Getting the links right: Sketch graphs, AHP, ML, and more.

Cause-and-effect links live at the heart of complex systems.  And understanding them means we can go beyond historical data to understand situations we haven’t faced before, using piecewise causal links from the past to inform new situations.  This is incredible, because it breaks us from the tyranny of using only historical data in data science, machine learning, AI, and more.    Here’s how three previously separate approaches can be used to help us get the links right.

Over the years, I’ve often been asked “How does decision intelligence compare to the Analytic Hierarchy Process (AHP)?”  AHP  is a widely used approach in a lot of decision consulting.  It’s central, for example, to my friends at Transparent Choice, where they do great work supporting complex decision making.    So here’s my lightning-fast, blog-sized overview of how to think about how these methods relate, and also how they both connect to machine learning (including Deep Learning).

When making difficult decisions in complex environments, it’s usually worth the time and effort to introduce a degree of rigor. The core of this rigor in most decisions is a link from cause to effect, or one that calculates a value that moves us along the path from levers to outcome, as shown in the graphic above.

bp-sketchgraphFor instance, one link might tell us the relationship between the number of articles that a person has written and their suitability for a certain job. The relationship might look like the graph at the right (from World Modeler™). This shows that a person without any publications has zero suitability, and that they are a better and better fit for the job based on this criterion as their article count climbs to about 150. Above 150, additional publications really don’t matter, and if there are too many that is even a liability.

But what if we don’t know the shape of this curve? Imagine we’re trying to determine the best kind of graphic to show a cancer patient as they make decisions about their treatment. Which kind of chart is best? Does a bar chart showing treatment outcomes communicate better than a line graph? Here, we don’t have insight into the relationship. Compared to the publications example above, it’s a “black box”.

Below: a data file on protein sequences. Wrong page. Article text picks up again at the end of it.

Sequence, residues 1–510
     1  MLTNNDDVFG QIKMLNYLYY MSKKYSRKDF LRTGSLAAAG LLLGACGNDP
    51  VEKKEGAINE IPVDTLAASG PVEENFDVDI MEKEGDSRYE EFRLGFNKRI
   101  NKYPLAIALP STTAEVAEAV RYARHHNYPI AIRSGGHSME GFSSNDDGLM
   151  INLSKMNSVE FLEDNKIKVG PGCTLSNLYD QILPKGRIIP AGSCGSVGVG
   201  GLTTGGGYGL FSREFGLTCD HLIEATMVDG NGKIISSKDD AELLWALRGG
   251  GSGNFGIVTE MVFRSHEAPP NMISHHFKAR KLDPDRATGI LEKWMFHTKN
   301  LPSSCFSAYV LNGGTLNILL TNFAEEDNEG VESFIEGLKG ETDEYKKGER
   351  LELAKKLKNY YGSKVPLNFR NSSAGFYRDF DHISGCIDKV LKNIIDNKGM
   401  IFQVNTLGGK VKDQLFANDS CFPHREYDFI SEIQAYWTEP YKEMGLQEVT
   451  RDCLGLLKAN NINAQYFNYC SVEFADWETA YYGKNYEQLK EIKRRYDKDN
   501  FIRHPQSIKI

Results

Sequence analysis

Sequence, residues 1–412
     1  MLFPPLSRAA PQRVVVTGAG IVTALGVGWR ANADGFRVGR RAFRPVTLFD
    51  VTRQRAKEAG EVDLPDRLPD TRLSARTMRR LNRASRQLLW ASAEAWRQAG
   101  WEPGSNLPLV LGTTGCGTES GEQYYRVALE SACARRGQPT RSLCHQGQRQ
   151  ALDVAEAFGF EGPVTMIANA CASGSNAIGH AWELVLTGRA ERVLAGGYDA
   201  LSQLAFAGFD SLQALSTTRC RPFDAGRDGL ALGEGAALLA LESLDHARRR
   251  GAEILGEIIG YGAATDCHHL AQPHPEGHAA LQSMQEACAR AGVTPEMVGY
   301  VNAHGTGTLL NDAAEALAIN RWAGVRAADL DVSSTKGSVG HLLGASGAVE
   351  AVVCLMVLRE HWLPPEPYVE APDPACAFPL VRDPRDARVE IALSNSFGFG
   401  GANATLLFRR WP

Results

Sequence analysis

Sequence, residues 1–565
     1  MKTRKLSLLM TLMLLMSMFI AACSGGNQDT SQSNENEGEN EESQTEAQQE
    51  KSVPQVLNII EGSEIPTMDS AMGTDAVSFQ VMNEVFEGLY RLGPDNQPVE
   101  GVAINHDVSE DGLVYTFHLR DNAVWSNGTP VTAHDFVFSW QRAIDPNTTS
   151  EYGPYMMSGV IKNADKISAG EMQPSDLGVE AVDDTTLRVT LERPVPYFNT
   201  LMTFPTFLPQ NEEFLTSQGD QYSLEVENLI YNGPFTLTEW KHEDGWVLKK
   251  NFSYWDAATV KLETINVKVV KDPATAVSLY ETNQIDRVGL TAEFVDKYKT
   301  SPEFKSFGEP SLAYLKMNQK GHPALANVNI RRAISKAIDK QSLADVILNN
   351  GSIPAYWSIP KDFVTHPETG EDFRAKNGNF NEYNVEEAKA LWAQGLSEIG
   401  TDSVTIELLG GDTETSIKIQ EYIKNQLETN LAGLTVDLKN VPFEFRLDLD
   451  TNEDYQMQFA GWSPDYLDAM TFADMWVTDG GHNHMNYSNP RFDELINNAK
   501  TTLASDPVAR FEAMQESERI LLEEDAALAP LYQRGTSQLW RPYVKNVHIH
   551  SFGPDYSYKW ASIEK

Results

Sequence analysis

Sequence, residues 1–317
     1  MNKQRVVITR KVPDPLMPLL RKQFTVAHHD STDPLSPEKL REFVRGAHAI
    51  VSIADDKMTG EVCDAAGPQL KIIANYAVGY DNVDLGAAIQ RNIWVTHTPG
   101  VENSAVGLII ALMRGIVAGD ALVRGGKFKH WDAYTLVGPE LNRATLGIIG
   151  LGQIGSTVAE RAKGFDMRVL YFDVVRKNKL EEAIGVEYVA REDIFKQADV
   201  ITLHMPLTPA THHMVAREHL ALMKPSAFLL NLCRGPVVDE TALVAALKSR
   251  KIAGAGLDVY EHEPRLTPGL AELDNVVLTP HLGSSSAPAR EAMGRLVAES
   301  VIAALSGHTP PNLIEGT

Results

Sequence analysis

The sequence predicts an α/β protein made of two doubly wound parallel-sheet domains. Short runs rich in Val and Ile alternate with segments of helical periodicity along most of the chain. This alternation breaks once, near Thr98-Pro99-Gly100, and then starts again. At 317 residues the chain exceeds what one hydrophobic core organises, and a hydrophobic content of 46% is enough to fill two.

Both of these situations are illustrated below. We have something we can measure, and some derived value based on that measure, and we want to know how to get from one to the next.



The Analytic Hierarchy Process, invented by Thomas L. Saaty in the 1970s, is an important technique to help us to elicit human knowledge when it’s not easy to simply “draw the curve”. The core of the approach is to ask the patient to compare two graphics at a time. For example, as described in a paper by James G Dolan and Stephen Iadarola, doctors were interested in knowing what kind of graphic was best to explain cancer screening risk to patients. The doctors showed each patient two kinds of data visualizations showing the same risk data of a cancer screening option, and asked them to say, for example, “It’s five times easier to understand the visualization on the left versus the right one”. This data, fed to an AHP system, gave the doctors an overall preference ranking. Here, the “something we can measure” was the type of visualization , and the “new measurement” was the amount (e.g. “five times easier”) that patients preferred it to other options. AHP tells us how to get from one to the other, as shown below:


In other words, we’re converting data about side-by-side visualization preferences, to an overall preference statistic across all patients, and all types of visualizations.

This is a powerful approach in these sort of “black box” situations, where we don’t have the intuition to draw a sketch graph.

It’s worthwhile comparing AHP to a third approach, which is at the core of all statistics and machine learning. To illustrate, in our example we’d simply ask patients: “how much do you like this visualization?” (instead of the side-by-side comparison). Then this data, along with attributes of each  visualization (like size, color, type of chart used, and more) can be fed to one of many systems, including statistical regression, a decision tree learner like CART, or even a deep learning algorithm, to determine the relationship, as shown below.


Sometimes, we want more than a good value for “f?”. The “unknown relationship” from these three techniques is better, all other things being equal, if it’s also understandable. If regression gives an attribute a high coefficient, for example, then that attribute matters more. For instance, black-and-white visualizations might have higher coefficients than those with color. If a neural network gives high weights to an attribute (e.g. color), or a decision tree positions an attribute high in the tree, then those matter more than others.

In summary, the best way to do rigorous decision modeling is to use a toolkit of many approaches, choosing the best one for each job. In many practical settings, understandability and usability matter more than anything else, as these are often the barriers to adoption, way ahead of the accuracy of a particular technique. This is particularly true when there are humans in the loop of the decision-making process.

What’s exciting is that with a decision model, we can see how machine learning, AHP, and machine learning fit into an overall picture of how to make decisions more rigorous, transparent, and agile.

I’d love to hear your thoughts in the comments below.  I’m really excited about the above story, because for the first time I can see how these approaches relate to each other.  Do you agree?

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